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不思議ちゃん

Fushigi-chan is one of those words with a meaning that just doesn’t translate well into English.

Below, I’ve translated the article on Wikipedia.jp, which discusses Fushigi-chan. This translation is posted as of October 2012. The original may have changed since then.

I actually first got the idea to do Wikipedia translations when I heard them offhandedly mention an article on Fushigi-chan while listening to JapanesePod101. If I remember correctly, it was one of their upper-intermediate lessons.

Strangely enough, the Japanese Wikipedia post on Fushigi-chan seemed to be talking more about celebrities and entertainment news than anything else. As such, you’ll find a lot of media-related vocab… as well as a number of ways to describe the strange, curious, mysterious, etc.

The structure of this post:

  1. My (so-so) translation
  2. Some translation mishaps
  3. A list of vocab that appears in the Japanese text
  4. The original Japanese article on Fushigi-chan

Enjoy!

和文英訳 (Translation)

Fushigi-Chan

“Fushigi-chan” is a slang term used to describe someone with a somewhat strange, difficult-to-understand personality, a person who has their own unique manner of speaking and behavior that deviates from the norm. It’s also used to describe a person who simply has an air about them of being strangely withdrawn from the everyday world.

Often used affectionately, the term is commonly used to describe young females. In such cases, the term “Fushigi-shoujo” is sometimes used, as well.

[Note: shoujo = 少女 = “young lady; little girl.”]

When describing males, it becomes “Fushigi-kun” or “Fushigi-shounen.”

[Note: shounen = 少年 = “boy; young boy; lad.”]

Summary

Using it to describe herself, the actress Kaori Momoi popularized the term “Fushigi-chan,” as did Miwako Fujitani, who used it as a catchphrase around the time of her debut. The famous lolita-styled singer Chiaki also used the term as a catchphrase around the time of her debut. And in the movie Harry Potter and the Order of the Phoenix, the character Hermione Granger uses the term “Fushigi-chan” when describing Luna Lovegood.

In English, they have the term “eccentric,” but this word carries with it a somewhat stronger nuance than “Fushigi-chan,” as it is more so used to describe a person who is especially strange (e.g. “oddball,” “weirdo,” etc.).

On January 4, 2007 Fuji TV broadcast a special airing of “Alice in Wonderland,” which featured famous “Fushigi-chan” such as Yuuko Agura and the like.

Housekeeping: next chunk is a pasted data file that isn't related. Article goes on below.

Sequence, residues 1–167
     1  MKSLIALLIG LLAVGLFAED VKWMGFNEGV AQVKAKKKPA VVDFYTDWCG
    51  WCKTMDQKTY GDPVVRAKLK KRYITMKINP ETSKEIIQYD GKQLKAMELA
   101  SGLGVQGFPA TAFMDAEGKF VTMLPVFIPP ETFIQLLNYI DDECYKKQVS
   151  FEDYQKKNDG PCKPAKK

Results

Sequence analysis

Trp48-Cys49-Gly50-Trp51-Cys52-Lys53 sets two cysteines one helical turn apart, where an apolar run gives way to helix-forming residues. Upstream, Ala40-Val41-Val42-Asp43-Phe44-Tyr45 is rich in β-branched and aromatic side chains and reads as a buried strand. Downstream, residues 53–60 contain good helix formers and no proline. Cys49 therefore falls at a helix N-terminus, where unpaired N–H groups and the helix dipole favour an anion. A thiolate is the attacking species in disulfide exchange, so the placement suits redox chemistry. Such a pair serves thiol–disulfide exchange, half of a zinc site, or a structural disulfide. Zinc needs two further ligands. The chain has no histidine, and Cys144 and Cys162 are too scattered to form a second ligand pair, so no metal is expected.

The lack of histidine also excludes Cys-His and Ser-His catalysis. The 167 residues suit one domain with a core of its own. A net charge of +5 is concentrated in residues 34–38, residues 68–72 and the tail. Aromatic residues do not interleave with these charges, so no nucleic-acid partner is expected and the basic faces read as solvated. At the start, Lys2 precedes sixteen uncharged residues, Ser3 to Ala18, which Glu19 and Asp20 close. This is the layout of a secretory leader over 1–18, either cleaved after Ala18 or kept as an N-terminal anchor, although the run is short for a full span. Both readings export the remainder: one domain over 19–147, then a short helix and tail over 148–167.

[Note: “Alice in Wonderland,” in Japanese, is 不思議の国のアリス (lit. “The Fushigi Land of Alice”), if that makes a little more sense as to why it’s brought up here.]

As a recent example, the photographer Eriko Koga, who appears in the show “Tales of Bar-Hopping Women”, is referred to among her fans as “Fushigi-chan.”

There are also cases where “Fushigi-chan” is simply used to describe someone who is a scatterbrain, as well.

Translation Mishaps

For the most part, this translation went pretty smoothly. Really, there was only one term I had trouble translating:

おんな酒場放浪記.

Apparently, this is a Japanese television program. As I don’t know the show itself, I couldn’t decide if I should translate it as “Tales of Bar-Hopping Women,” or “Chronicles of a Bar-Hopping Woman,” or what.

Ultimately, I decided it wasn’t that big of a deal, though, as it’s not that essential to the overall meaning of the article.

Though they don’t mention it on Wikipedia, on JapanesePod101 they were saying that it isn’t the kind of thing you should call someone to their face.

単語 (Vocab)

日本語 English Online
Dictionary
Entry
不思議 strange; mysterious; curious Jisho.org
俗に as slang; commonly (referred to, used as, etc.) Jisho.org
マイペース doing things at one’s own pace Jisho.org
物言い manner of speaking Jisho.org
常識 common sense; common knowledge Jisho.org
逸脱 1. deviation; departure; 2. omission Jisho.org
個性 individuality; personality; idiosyncrasy Jisho.org
性格類型 character type; personality type Jisho.org
浮世 fleeting life; this transient world; sad world Jisho.org
奇妙 strange; queer; curious Jisho.org
雰囲気 atmosphere (e.g. musical); mood; ambiance Jisho.org
愛嬌 charm; attractiveness; amiability Jisho.org
呼称 naming; giving a name; denomination Jisho.org
自称 self-styled; would-be; calling oneself Jisho.org
一般化 generalization; popularization Jisho.org
人物評 personal criticism; character sketch Jisho.org
常軌を逸した aberrant Jisho.org
変わり者 an eccentric; oddball Jisho.org
奇人 odd fellow; oddball; strange person Jisho.org
変人 an eccentric; oddball; strange person Jisho.org
放送 broadcast; broadcasting Jisho.org
特集 feature (e.g. newspaper); special edition; report Jisho.org
おっちょこちょい scatterbrain; careless person; birdbrain; clumsy Jisho.org
解釈 explanation; interpretation Jisho.org

 

原文 (Original)

不思議ちゃん

不思議ちゃん(ふしぎちゃん)とは、俗にマイペースで行動パターンや物言いが常識からやや逸脱しており、周囲からは容易に理解しがたい不思議な個性を持った人の性格類型を指す言葉。単に浮世離れした奇妙な雰囲気を持った人のことも指すこともある。

しばしば愛嬌とされ、特に若い女性を指して言うことが多く、その場合不思議少女という呼び方もある。

男性の場合、不思議くん(ふしぎくん)、不思議少年(ふしぎしょうねん)と呼称されている。

概説

桃井かおりが自称し、デビュー時の藤谷美和子のキャッチフレーズに用いられて一般化した。

ロリータ・ファッションで歌手活動をしていたタレントの千秋もデビュー時のキャッチフレーズに使用している。『ハリー・ポッターと不死鳥の騎士団』の映画版ではハーマイオニー・グレンジャーがルーナ・ラブグッドに対する人物評として「不思議ちゃん」を用いている。英語ではeccentric(エキセントリック)という表現があるが、これは「不思議ちゃん」よりもさらに強い意味を持つ、常軌を逸した変わり者、奇人、変人のレベルの人を指す言葉である。

小倉優子ら日本の芸能界の「不思議ちゃん」を特集した特別番組「不思議の国のアリス」がフジテレビジョンで2007年1月4日25:55〜26:55 (JST) に放送された。

最近では、おんな酒場放浪記に出演している写真家の古賀絵里子が「不思議ちゃん」とファンの間で呼ばれている。一方では、ただのおっちょこちょいという解釈もされている。

Closing Comments

Notice any translation errors? Also, comments and questions are always welcome.

And don’t forget to check out all of our Translation Trouble articles.

Or let us know if you’d like to write one of your own.

Good luck with your studies, everyone.

Keep swimming!

Niko

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Niko

Yo! I'm Niko, the founder of NihongoShark. I'm also a Japanese translator, writer, and all-around language nerd.

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